[19 October 2009]
Like the relationship between music and image, the legacy of the Velvet Underground tightly intertwined with visuals from the beginning. Soon after their debut in a high school auditorium, Factory regulars Paul Morrissey and Gerard Malanga saw the band play at a dive in Greenwich Village and recommended them to Andy Warhol. A fruitful collaboration followed between the VU and Warhol that included the creation of the multi-media Exploding Plastic Inevitable shows.
It is fitting then that a new book, written by veteran rock scribe Jim DeRogatis and a host of others, spotlights the connection between images and the celebrated proto-punk idols. The Velvet Underground: An Illustrated History of a Walk on the Wild Side lovingly reproduces fascinating posters, handbills, artwork, and photographs from throughout the band’s history. But, like any textual description of music that falls short of actually hearing it, the words can’t keep up with the images in this uneven collection.
The collaborative nature of this book simultaneously works in favor of it and against it. By mixing rare photos from Factory photographers Nat Finkelstein, Stephen Shore, and Billy Name with ticket stubs and other assorted memorabilia, the book strikes a satisfying balance between different types of visuals. In particular, it’s striking to see the handbills and concert photos that provide sometimes jarring context for the VU concerts. A poster from a 1968 event advertises a lineup with the Butterfield Blues Band, Sly & the Family Stone and the Velvet Underground. To think of VU’s music happening in the same world (much less on the same stage) as the other bands on the bill underline just how different the band truly was at the time. The coffee table-size of the book lends itself to stuffing each page with great visuals such as these—a task the book accomplishes quite well.
Much less successful is the text that comes between all those rich pictures. DeRogatis handles the writing throughout the first half of the book and his enthusiasm for the topic definitely bleeds off the page. However, when DeRogatis includes several pages from Andy Warhol’s memoir beginning on page 80, the shift in style and voice is too abrupt. Although Warhol’s writing is fun and gossipy, that point in the book sets an unfortunate precedent that continues until the book’s conclusion.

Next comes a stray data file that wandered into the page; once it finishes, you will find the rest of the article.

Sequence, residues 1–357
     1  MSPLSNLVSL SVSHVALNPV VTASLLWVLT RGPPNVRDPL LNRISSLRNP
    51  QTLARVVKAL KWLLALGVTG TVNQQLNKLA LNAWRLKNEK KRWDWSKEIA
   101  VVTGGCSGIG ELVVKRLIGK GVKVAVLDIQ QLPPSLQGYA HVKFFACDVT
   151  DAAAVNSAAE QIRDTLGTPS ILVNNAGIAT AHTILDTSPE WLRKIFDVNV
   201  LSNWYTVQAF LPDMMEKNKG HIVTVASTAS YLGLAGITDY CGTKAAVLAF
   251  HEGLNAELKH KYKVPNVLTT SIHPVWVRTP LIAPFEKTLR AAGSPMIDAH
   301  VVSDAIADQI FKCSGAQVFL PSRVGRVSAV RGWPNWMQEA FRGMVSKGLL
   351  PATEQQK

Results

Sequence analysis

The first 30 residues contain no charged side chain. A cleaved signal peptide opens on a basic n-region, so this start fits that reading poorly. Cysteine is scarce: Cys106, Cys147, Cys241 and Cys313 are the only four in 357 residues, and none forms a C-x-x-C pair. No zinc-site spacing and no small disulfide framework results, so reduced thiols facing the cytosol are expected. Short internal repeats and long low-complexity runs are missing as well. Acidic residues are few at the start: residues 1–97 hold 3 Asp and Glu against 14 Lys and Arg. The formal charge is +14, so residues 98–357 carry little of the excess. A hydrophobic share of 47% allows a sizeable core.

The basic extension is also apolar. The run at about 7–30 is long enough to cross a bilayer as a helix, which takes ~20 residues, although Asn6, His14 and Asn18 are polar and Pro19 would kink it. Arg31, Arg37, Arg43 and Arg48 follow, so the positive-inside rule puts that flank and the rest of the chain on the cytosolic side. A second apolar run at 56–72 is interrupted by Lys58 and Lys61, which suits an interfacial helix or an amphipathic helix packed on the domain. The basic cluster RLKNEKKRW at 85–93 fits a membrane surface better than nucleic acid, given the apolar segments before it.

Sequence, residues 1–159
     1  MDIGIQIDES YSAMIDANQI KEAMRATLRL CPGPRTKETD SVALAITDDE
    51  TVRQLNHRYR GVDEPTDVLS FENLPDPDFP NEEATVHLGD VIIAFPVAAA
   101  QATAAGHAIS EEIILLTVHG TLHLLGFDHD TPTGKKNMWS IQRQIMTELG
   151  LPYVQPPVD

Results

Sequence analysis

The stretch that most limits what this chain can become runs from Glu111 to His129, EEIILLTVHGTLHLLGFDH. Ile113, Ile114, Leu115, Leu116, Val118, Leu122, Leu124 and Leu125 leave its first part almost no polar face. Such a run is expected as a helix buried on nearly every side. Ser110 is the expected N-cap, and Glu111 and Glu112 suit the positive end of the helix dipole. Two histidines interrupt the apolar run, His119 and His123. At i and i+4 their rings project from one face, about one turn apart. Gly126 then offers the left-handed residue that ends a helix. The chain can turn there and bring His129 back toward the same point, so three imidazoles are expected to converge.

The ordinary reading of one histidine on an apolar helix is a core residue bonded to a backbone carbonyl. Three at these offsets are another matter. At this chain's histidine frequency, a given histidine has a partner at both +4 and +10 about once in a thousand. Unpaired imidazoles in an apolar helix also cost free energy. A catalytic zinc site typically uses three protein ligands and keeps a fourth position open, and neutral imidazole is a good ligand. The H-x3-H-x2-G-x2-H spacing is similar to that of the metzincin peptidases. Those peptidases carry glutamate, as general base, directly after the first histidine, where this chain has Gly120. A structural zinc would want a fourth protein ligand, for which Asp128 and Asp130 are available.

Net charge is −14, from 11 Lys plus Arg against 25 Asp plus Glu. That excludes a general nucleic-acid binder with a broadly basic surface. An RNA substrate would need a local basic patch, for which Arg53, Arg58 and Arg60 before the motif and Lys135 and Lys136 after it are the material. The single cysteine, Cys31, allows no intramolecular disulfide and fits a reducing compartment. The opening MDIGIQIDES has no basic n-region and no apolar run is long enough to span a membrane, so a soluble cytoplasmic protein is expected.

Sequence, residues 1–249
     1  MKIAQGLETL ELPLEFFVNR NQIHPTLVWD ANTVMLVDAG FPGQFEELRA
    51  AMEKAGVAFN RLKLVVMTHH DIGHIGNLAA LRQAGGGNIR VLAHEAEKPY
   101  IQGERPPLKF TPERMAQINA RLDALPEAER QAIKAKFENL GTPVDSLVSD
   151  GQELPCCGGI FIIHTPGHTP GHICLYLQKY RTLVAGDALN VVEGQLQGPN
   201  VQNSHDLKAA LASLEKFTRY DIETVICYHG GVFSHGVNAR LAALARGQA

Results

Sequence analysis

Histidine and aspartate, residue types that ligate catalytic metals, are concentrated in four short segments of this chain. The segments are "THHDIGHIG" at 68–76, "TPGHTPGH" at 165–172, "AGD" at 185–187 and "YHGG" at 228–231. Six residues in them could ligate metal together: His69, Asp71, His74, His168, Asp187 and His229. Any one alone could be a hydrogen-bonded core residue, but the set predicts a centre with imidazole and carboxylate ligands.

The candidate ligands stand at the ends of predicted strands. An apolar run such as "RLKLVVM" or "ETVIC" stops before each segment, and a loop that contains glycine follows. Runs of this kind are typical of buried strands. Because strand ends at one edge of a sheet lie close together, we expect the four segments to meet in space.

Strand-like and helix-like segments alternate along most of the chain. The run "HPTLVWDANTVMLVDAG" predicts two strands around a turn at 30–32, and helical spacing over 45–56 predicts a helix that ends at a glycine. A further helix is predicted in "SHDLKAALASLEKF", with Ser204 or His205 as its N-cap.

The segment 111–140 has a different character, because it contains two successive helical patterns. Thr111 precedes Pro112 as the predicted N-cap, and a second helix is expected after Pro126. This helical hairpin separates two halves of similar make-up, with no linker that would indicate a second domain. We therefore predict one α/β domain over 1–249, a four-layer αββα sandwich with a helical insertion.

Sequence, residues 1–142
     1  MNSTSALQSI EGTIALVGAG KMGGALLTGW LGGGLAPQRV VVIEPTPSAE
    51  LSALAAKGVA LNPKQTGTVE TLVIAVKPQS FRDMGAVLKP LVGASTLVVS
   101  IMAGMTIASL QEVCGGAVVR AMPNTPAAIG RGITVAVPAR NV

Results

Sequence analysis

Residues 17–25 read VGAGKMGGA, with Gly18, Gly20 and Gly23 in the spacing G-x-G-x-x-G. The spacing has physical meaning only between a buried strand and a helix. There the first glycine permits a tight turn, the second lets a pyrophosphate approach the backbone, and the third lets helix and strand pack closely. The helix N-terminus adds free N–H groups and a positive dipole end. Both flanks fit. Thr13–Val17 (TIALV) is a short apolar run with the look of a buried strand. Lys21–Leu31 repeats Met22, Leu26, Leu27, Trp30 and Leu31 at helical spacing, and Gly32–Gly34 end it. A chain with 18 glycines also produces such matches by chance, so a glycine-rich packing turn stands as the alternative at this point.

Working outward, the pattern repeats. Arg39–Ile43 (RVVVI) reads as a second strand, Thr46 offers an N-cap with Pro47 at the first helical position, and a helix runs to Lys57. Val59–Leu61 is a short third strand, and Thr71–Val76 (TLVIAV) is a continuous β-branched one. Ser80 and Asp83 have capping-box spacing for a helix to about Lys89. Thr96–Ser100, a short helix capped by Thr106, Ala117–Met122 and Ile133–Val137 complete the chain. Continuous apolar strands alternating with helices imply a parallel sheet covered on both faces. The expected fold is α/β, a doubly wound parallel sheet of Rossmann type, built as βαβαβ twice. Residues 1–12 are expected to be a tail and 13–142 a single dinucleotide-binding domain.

After Warhol’s piece, contributor David Sprague offers up a brief article on the band’s debut album, then there’s a list of live performances and rehearsals from 1965-1967, and then DeRogatis comes back in to discuss the White Light/White Heat album. This irregular rhythm hinders the flow and cohesion of the book as a whole. Had the book established this choppy pattern from the beginning the results would not have been so jarring. The fact that much of the information is repetitive from section to section doesn’t help either.
One of the best-written contributions comes from Bill Bentley. A re-printing of his 1975 interview with Sterling Morrison from a local Austin, Texas paper is particularly illuminating. Morrison had dropped out of the band to pursue a PhD in English at the University of Texas at Austin and Bentley eventually became friends with him. The curt tone of the interview rings true with the confrontational nature of this uncompromising band. Unvarnished words from someone actually in the band is the type of first-hand insight that could have improved this collection dominated by gushing, fan-boy praise. It seems that the surviving members of VU, Lou Reed, John Cale, and Maureen Tucker, decided to contribute to a competing retrospective due out in October 2009. Shame.
Minus the lame half-dust cover, the book is a veritable feast for the eyes. Just as the innovative music of the Velvet Underground is better to listen to than to talk about, the book looks much better unadorned. For best results, listen to the albums and skim this book.